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#15) On April 12, 2010 at 4:56 PM, SUPERMANSTOCKS (40.32) wrote:

Good and valid question

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#16) On April 13, 2010 at 1:15 AM, Blade16 (< 20) wrote:

For anyone that needs to question anyone providing valid reasons why Primerica is not only a valid company, but what they also provide for the public, not only restructures the economy to increase growth but decreases debt for the over-all consumers...just needs to pay attention to these 5 details.  

Anyone that works in Primerica is just hurting the company's image by responding to this propaganda that is posted on this website and just by visiting this page allows more hits to his web-posting.

I would expect anyone else to add in after you read this to be incompetent; unless you have nothing nice to say at all.     

1) For this person to make a comment on the notes/comments about a pyramid scheme and how Primerica, Inc is similar, and then define what a pyramid scheme is but know nothing or anything about the company, is just unethical and hurt my brian.  Especially on a caliber website like "The Motley Fool".

2) Primerica does not intentionally recruit people and then sell the new recruits/associates products or services.  Primerica is a financial services company with over more than 4.3 million lives insured through the life insurance side of things and holds more than +/- 2 million investment clients.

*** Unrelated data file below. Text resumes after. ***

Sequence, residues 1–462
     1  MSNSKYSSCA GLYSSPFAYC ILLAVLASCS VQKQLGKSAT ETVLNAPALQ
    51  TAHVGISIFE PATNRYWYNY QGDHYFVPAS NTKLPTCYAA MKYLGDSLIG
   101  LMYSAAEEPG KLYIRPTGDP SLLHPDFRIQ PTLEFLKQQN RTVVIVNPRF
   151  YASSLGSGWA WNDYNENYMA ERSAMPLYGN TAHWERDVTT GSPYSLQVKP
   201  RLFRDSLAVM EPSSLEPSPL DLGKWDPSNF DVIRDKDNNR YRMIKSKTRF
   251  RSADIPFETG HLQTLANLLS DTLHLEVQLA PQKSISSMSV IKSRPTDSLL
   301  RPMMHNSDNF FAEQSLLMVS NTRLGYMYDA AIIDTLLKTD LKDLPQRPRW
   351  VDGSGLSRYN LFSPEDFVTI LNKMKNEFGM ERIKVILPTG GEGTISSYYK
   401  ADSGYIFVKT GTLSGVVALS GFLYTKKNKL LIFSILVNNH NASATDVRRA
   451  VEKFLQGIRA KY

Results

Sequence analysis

With the company averaging approx. 90,000 to 100,000 to 130,000 licensed people/reps working for the company, how can internal consumption take place to meet the criteria of a pyramid scheme? 

And answer me this, are you telling me the hundreds of thousands of millions of people who work at Kmart, Wal-Mart, Home Depot or Sam's Club, or Costco don't shop or buy products/services at where they work? 

Or are you un-American and don't believe in American made cars like Ford, GM or Chrysler: even though 30-60% of the cars made are flown in from out-of-country...but still we are told to support them and purchase American-made vehicles?  Wait a second...

3) So what every critic is really trying to say is that Citigroup Corp: a Fortune 500 company, has embedded itself with a pyramid scheme company and has been making multi-millions of dollars every year...and the SEC hasn't done anything about it...well they haven't because it is all legal.  But I thought pyramid schemes are illegal? 

And if Primerica was such a penny loafer company, how did the stock price open to the public around $18 a share to above $24 a share between April 1st, 2010 and April 13, 2010. 

A legitimate multi-level marketing company emphasizes reliable products or services. Comment #13 is technically wrong, for Primerica does have HR that works in Primerica Corporate Home Office in Georgia...thus we do pay someone/people within the company to hire other people.  I hope we don't need a discussion on the term "Human Resources".  Though this practice does not happen within the sales force.  FINRA, Dept. of Insurance, SEC, Dept of Licensing & Regulation have nothing to do with MLM structured companies.  

A pyramid scheme uses products or services to disguise its quest for collecting money from the investors on the bottom levels to pay other investors further up the pyramid.  I haven't seen Primerica get sued or sent to court on counts of fraud and money laundering.  I haven't found any SEC or court documents: all public records might I add, that proves Primerica taking money from lower level representatives and paying the senior directors loads of cash.  Just isn't available because it never happened.